Alex James: The Great Escape

'We were lucky to inherit sheep when we moved to the farm. They look nice.'
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The Independent Online

The glow of the taillights of Fred's Land Rover down by the sheep barn drew my parents and I in that direction as we took the evening air. It wasn't cold, and the moon was up. We've taken a battering recently and it was still soggy underfoot, but for the moment, palpably benign.

Fred was marching around purposefully in the dark. "That scatty one's had it, Gor!" he said and nodded in the direction of the place where he leaves dead sheep for collection. Then he led us into the huge shed where the January ewes are lambing. It's a tatty old L-shaped barn. One end is open, one wall's wood, another breeze block and the last, the one that makes the L shape, a down-and-out Duchess of a beautiful Cotswold stone wall, the recycled remnant an earlier building.

The shed has a magnificence about it. I guess you can always find beauty in anything, but beauty definitely wasn't put here. It just arrived, unexpectedly, when the thing was finished. The shed was actually built for cattle and, as they are bigger than we are, all cow stuff is king-size, so that tin pot palace radiates a church-like vastness. Holiness was in there too that night, if there was ever such a thing.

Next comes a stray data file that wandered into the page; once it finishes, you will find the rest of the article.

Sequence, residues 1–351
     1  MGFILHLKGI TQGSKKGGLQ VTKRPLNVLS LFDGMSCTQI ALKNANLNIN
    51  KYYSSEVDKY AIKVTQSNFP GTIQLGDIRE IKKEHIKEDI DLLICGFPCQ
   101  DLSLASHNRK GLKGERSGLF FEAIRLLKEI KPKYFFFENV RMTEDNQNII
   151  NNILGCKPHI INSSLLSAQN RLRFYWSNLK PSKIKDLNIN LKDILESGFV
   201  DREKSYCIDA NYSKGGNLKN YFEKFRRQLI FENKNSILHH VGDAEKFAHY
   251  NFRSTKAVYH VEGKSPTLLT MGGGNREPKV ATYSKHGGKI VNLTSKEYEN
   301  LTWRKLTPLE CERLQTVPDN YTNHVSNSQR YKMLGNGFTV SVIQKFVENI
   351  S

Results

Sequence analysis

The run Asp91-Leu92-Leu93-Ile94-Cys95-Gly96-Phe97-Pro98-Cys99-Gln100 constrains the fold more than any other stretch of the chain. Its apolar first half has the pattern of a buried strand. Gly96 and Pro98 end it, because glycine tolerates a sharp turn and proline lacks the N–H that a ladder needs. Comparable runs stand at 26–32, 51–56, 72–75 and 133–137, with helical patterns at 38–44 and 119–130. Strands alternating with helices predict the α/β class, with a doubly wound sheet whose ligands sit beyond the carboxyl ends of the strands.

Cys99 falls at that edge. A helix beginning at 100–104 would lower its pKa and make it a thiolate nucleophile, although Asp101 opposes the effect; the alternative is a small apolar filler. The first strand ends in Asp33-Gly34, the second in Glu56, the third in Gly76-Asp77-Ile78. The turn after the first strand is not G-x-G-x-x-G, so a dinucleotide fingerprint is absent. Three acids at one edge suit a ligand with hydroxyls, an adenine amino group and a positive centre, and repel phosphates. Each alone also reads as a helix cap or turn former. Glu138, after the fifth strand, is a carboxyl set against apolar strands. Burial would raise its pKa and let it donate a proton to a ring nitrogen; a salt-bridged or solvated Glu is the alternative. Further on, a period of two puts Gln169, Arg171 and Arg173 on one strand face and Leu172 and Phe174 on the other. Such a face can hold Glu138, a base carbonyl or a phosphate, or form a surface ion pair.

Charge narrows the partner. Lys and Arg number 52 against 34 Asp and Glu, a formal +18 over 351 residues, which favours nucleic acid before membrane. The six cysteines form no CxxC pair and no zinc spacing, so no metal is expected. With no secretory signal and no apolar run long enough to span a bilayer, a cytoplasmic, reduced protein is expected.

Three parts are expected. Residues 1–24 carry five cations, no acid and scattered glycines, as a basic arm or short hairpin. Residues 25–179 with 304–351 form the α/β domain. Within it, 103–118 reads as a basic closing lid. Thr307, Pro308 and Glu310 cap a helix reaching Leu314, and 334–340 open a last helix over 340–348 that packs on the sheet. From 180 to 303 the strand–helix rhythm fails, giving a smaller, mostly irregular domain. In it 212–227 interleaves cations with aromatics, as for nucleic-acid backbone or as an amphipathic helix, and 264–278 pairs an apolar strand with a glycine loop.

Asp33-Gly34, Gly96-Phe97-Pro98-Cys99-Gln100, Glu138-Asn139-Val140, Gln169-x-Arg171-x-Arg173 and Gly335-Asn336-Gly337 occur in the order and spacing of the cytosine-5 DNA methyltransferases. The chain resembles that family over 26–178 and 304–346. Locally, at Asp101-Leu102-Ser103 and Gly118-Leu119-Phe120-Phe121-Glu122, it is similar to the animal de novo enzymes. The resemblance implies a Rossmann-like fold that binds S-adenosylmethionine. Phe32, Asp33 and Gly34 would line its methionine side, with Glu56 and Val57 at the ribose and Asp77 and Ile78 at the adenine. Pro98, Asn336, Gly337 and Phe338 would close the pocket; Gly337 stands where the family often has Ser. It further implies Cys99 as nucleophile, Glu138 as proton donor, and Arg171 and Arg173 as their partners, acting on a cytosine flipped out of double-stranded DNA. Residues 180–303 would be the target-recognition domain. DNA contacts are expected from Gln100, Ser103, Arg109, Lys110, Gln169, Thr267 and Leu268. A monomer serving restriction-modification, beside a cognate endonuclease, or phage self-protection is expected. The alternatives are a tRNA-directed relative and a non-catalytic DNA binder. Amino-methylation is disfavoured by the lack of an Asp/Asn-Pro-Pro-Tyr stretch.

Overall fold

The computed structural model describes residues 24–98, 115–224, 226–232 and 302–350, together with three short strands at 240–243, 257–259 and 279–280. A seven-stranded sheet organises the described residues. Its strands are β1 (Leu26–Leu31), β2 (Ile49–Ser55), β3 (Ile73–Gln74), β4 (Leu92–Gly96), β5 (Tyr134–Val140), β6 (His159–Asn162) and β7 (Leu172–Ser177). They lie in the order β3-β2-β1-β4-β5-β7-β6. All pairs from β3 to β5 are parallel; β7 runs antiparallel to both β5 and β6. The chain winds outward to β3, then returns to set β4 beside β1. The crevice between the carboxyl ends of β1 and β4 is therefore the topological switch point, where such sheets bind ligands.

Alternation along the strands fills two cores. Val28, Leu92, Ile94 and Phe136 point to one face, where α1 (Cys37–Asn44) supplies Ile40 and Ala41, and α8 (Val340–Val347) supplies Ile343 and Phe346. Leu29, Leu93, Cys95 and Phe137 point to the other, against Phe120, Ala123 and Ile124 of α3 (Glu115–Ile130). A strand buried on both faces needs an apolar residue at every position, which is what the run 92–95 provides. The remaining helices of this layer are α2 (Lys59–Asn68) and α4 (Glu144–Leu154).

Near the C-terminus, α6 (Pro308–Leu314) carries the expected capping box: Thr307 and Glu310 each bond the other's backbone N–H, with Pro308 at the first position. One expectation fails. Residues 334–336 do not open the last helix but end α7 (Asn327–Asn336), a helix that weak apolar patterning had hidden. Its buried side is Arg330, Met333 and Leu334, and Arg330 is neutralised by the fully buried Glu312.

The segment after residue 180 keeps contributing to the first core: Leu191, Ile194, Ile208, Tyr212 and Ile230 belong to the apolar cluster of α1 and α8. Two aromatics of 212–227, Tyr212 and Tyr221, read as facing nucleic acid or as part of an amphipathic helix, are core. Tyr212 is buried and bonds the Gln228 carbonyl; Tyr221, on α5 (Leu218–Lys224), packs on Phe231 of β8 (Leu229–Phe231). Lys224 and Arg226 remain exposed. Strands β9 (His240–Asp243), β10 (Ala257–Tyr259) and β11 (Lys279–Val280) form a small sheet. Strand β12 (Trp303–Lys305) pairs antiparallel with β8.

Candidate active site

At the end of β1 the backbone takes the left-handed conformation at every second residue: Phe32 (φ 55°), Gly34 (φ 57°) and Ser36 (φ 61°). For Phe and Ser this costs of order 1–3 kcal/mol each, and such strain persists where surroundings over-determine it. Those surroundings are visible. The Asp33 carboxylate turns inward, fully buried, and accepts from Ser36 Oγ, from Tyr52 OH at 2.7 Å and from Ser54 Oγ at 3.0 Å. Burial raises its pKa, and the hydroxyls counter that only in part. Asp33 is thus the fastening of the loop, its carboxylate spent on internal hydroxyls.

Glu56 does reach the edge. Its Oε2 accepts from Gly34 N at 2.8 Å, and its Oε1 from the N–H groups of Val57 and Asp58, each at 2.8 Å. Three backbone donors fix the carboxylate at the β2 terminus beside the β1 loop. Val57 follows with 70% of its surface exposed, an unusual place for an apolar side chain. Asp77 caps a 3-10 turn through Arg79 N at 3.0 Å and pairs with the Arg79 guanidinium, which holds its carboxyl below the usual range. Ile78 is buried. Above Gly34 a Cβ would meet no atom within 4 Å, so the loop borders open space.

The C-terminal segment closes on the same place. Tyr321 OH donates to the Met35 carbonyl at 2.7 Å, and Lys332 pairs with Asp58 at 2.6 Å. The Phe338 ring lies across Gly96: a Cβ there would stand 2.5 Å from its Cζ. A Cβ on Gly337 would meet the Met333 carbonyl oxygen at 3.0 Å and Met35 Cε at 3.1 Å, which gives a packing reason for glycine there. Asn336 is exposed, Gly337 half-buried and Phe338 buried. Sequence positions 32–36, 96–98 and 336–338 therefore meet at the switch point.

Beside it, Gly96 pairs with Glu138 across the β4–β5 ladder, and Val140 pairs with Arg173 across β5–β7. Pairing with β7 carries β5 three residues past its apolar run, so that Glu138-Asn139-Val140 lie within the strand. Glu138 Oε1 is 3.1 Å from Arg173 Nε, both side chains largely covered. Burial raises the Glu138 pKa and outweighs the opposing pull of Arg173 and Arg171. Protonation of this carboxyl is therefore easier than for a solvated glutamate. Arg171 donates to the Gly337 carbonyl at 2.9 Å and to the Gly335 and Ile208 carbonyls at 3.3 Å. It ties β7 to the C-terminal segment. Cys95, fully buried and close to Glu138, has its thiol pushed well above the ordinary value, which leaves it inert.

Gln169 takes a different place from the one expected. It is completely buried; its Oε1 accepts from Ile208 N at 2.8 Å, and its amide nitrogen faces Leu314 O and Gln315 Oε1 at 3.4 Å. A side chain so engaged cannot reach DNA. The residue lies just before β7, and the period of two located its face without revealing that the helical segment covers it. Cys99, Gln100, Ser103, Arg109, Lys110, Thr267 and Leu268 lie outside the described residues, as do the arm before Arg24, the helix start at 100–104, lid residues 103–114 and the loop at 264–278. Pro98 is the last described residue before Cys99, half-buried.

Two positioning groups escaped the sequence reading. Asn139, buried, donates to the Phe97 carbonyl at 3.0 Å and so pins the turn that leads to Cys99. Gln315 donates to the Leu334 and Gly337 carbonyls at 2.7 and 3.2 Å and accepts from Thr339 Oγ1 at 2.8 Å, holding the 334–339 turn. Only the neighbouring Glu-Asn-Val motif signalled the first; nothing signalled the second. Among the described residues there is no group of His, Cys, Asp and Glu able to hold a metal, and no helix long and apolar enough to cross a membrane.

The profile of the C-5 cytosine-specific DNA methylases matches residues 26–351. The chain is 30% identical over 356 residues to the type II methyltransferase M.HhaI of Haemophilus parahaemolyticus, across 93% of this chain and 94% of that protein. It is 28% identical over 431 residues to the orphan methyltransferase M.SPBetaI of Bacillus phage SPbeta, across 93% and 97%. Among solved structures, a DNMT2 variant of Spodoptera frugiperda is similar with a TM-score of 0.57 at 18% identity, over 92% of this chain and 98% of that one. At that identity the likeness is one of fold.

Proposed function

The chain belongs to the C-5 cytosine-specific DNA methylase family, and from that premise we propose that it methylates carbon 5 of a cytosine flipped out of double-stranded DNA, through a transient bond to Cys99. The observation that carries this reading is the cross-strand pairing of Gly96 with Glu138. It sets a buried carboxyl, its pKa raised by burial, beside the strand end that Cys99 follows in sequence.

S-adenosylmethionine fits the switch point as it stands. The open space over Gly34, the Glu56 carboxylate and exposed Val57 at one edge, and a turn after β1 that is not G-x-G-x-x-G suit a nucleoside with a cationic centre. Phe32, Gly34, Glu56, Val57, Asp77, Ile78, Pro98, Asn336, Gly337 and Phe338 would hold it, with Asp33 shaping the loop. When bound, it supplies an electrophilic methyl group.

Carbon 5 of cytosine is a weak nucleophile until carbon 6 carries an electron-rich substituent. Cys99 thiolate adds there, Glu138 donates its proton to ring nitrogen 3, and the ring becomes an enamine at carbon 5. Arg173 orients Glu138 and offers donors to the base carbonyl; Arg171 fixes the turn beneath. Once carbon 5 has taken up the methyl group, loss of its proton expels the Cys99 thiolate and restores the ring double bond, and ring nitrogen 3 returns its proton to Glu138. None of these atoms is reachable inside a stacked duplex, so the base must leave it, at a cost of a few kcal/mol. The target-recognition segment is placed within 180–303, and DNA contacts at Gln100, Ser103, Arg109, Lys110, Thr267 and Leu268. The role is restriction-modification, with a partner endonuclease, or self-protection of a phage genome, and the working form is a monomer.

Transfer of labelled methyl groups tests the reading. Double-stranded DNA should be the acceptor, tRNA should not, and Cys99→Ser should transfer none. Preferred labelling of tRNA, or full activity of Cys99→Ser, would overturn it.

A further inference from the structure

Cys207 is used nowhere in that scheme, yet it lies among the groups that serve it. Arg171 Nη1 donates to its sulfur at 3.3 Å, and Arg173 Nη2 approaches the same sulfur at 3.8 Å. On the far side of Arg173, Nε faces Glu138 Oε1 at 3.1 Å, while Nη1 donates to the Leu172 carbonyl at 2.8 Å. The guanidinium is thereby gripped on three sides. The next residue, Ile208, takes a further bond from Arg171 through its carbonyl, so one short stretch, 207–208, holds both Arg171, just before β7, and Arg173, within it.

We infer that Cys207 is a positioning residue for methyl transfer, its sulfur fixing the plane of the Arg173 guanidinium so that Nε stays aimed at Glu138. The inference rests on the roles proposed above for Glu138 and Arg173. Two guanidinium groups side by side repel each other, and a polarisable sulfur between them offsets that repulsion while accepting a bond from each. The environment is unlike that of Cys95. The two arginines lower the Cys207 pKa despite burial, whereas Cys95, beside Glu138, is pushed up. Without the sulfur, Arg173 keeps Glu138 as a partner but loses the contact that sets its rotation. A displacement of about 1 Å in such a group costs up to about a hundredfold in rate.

Despite the immensity, the place was cosy. The open end was barricaded with a makeshift wall of double-height, one-tonne hay bales that made the Cotswold stone look lacklustre. The gold stuff was knee-high and snug wall-to-wall. Plumped on top and nestling among it were a legion of fresh lambs and their mothers.

Most of the ewes have twins, but there have been a few triplets and one lot of quads. They rarely need help. I think Fred just likes being there. When they come out they're all ready to go. They're up on the bounce straight away. We were all smiling. Come to think of it, Fred's always smiling.

We were lucky to inherit sheep when we moved in here. They smell nice. They look nice. They taste nice. Sheep farming is quite an extensive, organic practice. The easiest way to do it is to let them run around outside in the summer and have them in the sheds lambing when it's cold and wet. There's no need to pump chemicals on to the fields to make the grass grow. It's all pretty wholesome and I have no doubt being a sheep couldn't be any better than it is for most sheep, whether organic or de-ranged.

"What about about your mate, old wotsit wotsit?" said Fred. That is how Fred refers to everyone on the television, as my mate. "Hugh Fearnley-Whittingstall?" I hazarded. "That's the bugger," he said, "Gor!" and clipped me round the ear.

Poor old Hugh, he's having a tough time. He's right, though. Chickens farm just ain't glamorous. The nature of chicken farming is intensive and chickens, being birds, tend towards the extensive. If you're paying less than eight quid for a chicken, you can be sure you're giving your money to an arsehole, which is up to you, of course, but it's my New Year's resolution not to give money to arseholes.

a.james@independent.co.uk

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